They are coming back to deal with the rubbish – I just hope they do not make a worse mess. I will show you pictures of the mess in a later post.

All to soon it is time to pack up and go home – I hope I don’t find my garden there in need of a lot of attention as we need to prepare the house inside for our Aussie visitor.

I had a text from the hospital on Friday to say that I need to travel to Leeds in good time for my appointment on Monday as there is a demonstartion in the city centre by the Extinction Rebellion group. They are targeting the banks and could cause a lot of disruption. Whilst I am all for this kind of protest, getting to Leeds and through the centre and out to Jimmy’s is difficult enough, and I will be stressed anyway wondering if my results are going to be OK – so I think we may go further round on the motorway and drop down from the north avoiding the centre.

So that is all from Bonnie Scotland – there will be more about the garden in my garden notes section when I get time to publish it. Hope everyone is having a good weekend.

Welcome to new followers and I hope my my regular readers are enjoying the advert free posts now. x

dear diary :: driving north

On Saturday with the rain still lashing down and the road spray coming up to meet us we made our way along the M6 as we headed for Scotland and by the time we crossed the border the sun had appeared and the world looked suddenly like a veil had been lifted. 

We pulled off the road just past Gretna in the sleepy little village of Dornock to eat our soup and sandwiches. We parked near to the little church we discovered on a previous visit – the one with the historical gravestones with viking links I mentioned in this post.

By now it was a long time since we ate breakfast but once our rather ravenous appetites had been fully satisfied, almost to being a little stuffed (who was it put in a bag of crisps and some biscuits), we took a gentle stroll down the lane to see what we could find. 

Exploring is always a favourite pastime of mine so we followed the lane round to the right as it skirted around the bottom of the graveyard.

The wind coming across land from the Solway coast in the distance was quite forceful but for anyone with a love of the sea lying in this tiny peaceful graveyard, as overgrown and wild as the surrounding countryside, and only the sound of the wind and birdsong must surely be a heaven of its own.

To the left the lane meanders round a bend and past a cluster of outbuildings and barns and a very large house stands complete with a magnificent copper beech in the grounds and a tiny blue seat outside the gates waiting for passers by to stop and rest a while. 

The verges sheltered a little from the winds by the stone wall were laden with heavy drooping branches of elderflowers.

Once back on the road we decided to take the route through the centre of Annan, a nearby small town famous for its connections to the Scottish writer and philosopher Thomas Carlyle who is know to have said ‘A man without a goal is like a ship without a rudder’ and ‘Music is well said to be the speech of angels’, amongst many other quotes.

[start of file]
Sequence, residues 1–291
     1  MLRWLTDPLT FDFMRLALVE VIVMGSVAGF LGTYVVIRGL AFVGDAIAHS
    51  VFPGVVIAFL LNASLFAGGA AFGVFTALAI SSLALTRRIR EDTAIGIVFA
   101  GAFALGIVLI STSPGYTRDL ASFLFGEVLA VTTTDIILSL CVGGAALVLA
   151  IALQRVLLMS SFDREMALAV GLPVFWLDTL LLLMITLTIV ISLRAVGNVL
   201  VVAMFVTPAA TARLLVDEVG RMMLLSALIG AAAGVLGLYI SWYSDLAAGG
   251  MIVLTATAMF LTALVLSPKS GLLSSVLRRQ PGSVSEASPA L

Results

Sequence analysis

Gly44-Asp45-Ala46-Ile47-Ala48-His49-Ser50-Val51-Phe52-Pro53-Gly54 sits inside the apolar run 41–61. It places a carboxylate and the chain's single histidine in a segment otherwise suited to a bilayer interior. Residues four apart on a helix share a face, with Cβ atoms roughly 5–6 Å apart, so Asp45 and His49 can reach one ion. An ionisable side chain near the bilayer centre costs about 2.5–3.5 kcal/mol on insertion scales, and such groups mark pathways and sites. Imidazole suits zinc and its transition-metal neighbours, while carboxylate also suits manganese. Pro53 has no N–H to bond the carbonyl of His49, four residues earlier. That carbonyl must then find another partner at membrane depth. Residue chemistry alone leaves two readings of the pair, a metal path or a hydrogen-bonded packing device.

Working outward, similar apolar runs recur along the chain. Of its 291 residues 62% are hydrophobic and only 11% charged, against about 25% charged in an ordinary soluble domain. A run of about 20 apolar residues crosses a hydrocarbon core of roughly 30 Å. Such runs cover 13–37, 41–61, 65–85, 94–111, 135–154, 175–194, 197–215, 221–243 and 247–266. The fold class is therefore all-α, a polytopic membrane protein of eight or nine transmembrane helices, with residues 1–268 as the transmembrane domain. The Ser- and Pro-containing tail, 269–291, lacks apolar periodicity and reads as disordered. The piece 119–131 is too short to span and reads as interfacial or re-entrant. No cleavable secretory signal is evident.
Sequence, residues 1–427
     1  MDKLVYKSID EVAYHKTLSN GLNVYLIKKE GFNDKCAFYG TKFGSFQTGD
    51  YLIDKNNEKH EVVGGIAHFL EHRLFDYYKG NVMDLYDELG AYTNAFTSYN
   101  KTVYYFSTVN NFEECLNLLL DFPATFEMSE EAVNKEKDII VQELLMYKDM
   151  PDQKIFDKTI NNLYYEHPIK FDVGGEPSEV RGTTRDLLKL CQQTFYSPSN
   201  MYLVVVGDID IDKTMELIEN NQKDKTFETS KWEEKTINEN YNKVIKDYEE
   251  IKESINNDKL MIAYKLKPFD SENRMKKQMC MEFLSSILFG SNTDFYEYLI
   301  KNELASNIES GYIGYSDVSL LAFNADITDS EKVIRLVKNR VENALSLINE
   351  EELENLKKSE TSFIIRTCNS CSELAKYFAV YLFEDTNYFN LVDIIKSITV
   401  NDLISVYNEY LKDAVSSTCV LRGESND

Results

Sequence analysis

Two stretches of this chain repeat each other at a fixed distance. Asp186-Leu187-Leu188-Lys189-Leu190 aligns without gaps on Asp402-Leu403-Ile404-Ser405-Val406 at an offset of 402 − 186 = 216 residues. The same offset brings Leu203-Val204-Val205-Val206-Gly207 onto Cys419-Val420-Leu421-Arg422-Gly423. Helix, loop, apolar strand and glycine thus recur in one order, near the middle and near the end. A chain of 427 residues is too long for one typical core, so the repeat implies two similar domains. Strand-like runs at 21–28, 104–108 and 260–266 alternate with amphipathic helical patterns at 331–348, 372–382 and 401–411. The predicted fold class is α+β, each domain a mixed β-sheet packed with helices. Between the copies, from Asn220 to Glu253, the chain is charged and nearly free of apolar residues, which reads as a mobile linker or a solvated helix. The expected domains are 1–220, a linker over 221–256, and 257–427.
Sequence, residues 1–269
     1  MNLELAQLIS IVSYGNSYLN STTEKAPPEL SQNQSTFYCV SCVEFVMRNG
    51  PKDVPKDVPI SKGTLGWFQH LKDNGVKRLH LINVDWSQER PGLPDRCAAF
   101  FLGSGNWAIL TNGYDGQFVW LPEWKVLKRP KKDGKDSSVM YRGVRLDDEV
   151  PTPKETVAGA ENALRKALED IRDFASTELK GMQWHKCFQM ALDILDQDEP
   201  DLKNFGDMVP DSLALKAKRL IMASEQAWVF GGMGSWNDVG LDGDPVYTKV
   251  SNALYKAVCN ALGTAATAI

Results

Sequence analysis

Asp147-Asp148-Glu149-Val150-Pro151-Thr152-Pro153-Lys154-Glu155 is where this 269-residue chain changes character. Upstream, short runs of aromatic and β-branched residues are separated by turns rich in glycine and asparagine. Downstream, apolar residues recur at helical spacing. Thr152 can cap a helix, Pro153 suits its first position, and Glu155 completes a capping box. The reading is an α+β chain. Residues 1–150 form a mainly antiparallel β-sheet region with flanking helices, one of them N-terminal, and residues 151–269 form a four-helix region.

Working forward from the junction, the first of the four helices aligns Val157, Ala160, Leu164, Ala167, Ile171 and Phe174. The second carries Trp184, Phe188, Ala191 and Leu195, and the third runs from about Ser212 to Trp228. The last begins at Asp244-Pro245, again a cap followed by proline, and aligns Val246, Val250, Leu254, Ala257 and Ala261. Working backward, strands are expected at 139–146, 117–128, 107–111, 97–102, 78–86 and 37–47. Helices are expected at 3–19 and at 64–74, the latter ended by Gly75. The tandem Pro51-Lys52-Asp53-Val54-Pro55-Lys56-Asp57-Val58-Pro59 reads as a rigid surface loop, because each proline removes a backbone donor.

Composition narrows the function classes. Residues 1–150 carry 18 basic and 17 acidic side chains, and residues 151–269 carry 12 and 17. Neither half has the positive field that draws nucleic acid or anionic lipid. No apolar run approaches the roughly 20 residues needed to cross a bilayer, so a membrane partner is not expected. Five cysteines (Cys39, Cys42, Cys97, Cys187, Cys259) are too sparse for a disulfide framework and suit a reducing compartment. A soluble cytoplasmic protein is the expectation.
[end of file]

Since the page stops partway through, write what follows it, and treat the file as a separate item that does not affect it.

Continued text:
As we sat at the traffic lights we spotted a sign ahead we had not noticed before pointing to the harbour.  Now for those who do not know this area Annan is located to the north of the Solway Firth but is a little way inland so the harbour it refers to, as we found out, is on the River Annan that winds its way inland from the estuary.  We followed Port Street all the way down until we couldn’t go any further and this is the harbour.

I was amazed at how narrow this channel is but it obviously does have boats going in and out at high tide. There was plenty of decay round about – some quite sad looking boats have been left to rot on the harbour side – a sorry end for some of them.

The same sad end for the Albert Hall which was thought to be a former town hall. All around Annan there are run down buildings and many run down areas that remain neglected as the local council, like in many other towns, struggle to improve or maintain them. Property is lingering unsold, or unwanted or just unloved….

….. but every so often you come across a little pocket of delight and someone who takes pride in their surroundings.

We continued our journey to Castle Douglas and just made it in time for a quick look around the impressive craft shop on the main street. Closing time in many of these small towns can be 4 o’clock but luckily for me the craft shop stays open until five. It has an expansive stock that is far better than any Hobbycraft shop over two floors and an annexe or two – you can buy anything from wool to watercolours – but on this visit I was purely ‘window shopping’ from the inside of course.

Afterwards we joined the queue for our usual tea of chip butties and a piping hot cup of tea from Moore’s award winning fish and chip shop.  Saturday tea time is a busy time but well worth the wait.

Fed and watered once again we continued on to Newton Stewart so we could shop at the tiny Sainsbury’s – it was the best part of the day with the evening sun reflecting off the sea as we drove around the bay. 

We usually buy fresh butter, cheese, yoghurt and milk from here together with a fresh loaf and rolls and some frozen peas rather than bring them from home. DH treats himself to a bottle of red wine and I go for the bar of dark chocolate.